After the breakup: Betty Braun Healy with Stan Laurel in “Our Relations” (1936).
In case you just tuned in: We have been focusing on the life of Betty Braun Healy, Ted Healy’s first wife. She is the only one to protest the official ruling that Healy died of natural causes. She’s the one who says people are being protected, that there is a cover-up, that she is being blacklisted for not keeping quiet, etc., etc. Healy’s sister, Marcia, and widow (also named Betty) call her nothing but a publicity seeker.
It seems that “A Night in Spain” was the last show to pair Ted Healy and Betty Braun Healy, at least on Broadway. On Oct. 30, 1927, The New York Times (behind a paywall) reported that while appearing in the show, they were producing a new “singing, dancing and comedy revue for the Keith Albee theatres” with a cast of 16. The Times never followed up on the story, however.
A brief published April 26, 1931, (behind a paywall) reported a charity benefit hosted by George Jessel starring: “Lou Holtz, Fannie Brice, Bill Robinson, Grace Hayes, Ted Healy, Jean Aubert, Jack Osterman, Burns and Allen and Betty Healy.”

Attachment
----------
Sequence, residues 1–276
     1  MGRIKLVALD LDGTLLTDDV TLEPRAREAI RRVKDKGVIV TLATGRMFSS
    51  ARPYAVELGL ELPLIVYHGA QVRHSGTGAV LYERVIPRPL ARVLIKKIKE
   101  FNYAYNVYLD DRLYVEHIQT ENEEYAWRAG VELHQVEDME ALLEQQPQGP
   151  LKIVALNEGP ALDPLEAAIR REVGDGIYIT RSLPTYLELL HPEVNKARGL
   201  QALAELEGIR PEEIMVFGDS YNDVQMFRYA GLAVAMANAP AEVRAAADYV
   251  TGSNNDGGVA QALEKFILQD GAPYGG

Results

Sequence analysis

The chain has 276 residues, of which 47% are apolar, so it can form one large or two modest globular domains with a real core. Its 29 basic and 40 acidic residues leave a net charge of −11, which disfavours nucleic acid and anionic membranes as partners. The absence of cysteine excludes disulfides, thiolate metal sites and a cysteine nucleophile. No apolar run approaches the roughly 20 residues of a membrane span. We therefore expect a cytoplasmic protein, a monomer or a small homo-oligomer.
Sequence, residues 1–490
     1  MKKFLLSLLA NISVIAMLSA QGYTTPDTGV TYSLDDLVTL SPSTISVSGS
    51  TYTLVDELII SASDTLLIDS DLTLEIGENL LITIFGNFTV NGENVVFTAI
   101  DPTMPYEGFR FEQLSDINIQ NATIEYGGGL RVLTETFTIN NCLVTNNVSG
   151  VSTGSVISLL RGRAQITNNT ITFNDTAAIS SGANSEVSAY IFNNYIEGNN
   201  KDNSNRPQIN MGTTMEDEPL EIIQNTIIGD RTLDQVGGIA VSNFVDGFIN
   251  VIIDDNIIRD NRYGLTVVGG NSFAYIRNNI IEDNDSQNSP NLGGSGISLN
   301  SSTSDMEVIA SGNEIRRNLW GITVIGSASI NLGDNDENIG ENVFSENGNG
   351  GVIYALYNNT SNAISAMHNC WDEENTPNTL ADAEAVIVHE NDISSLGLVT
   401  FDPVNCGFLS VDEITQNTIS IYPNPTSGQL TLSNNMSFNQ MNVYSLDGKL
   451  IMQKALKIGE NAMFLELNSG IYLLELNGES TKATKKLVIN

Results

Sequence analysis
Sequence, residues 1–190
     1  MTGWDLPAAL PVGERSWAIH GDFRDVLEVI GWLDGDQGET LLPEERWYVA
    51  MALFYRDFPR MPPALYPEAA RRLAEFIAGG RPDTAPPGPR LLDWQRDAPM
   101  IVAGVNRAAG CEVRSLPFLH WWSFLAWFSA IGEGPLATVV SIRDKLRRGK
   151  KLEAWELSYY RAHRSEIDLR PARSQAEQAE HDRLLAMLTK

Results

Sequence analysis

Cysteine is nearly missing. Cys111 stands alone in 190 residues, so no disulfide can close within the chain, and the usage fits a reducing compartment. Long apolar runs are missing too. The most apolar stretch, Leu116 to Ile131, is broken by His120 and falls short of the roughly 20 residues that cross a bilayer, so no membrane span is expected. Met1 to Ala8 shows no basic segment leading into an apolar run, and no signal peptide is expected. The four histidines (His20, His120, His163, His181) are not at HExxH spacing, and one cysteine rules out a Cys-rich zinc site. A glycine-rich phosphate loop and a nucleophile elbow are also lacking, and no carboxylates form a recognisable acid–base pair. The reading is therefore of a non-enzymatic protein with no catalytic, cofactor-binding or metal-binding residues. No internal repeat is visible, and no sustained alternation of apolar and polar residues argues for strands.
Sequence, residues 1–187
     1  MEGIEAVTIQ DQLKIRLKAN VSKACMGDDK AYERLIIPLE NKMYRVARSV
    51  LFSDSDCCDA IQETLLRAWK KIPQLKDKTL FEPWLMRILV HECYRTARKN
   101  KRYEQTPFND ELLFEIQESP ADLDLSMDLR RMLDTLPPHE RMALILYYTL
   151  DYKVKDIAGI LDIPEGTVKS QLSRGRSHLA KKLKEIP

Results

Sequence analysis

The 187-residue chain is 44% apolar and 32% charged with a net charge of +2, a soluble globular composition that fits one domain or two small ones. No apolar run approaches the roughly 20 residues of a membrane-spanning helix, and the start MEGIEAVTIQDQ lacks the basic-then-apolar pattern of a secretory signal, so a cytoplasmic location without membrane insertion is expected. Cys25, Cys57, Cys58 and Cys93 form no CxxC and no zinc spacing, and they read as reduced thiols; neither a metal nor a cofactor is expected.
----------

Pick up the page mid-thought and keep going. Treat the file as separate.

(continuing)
Then Betty Healy sued for divorce in January 1932.
An Aug. 20, 1932, obituary notes the death of Betty Healy’s mother, Sarah E. Braun, of Stamford, Conn., on Aug. 29, 1932, and lists her and her brothers Sam and Moody as survivors.
A Sept. 26, 1933, Associated Press story (via the New York Times) reports that Betty Healy is being sued for not paying the mortgage on property in Stamford, Conn.
And on Nov. 10, 1936, The Times reports that Betty Healy is appearing in the Laurel and Hardy film “Our Relations.” IMDB lists one more film credit for her, a small part in the 1937 film “Sophie Lang Goes West” at Paramount. And that is all.
To be continued.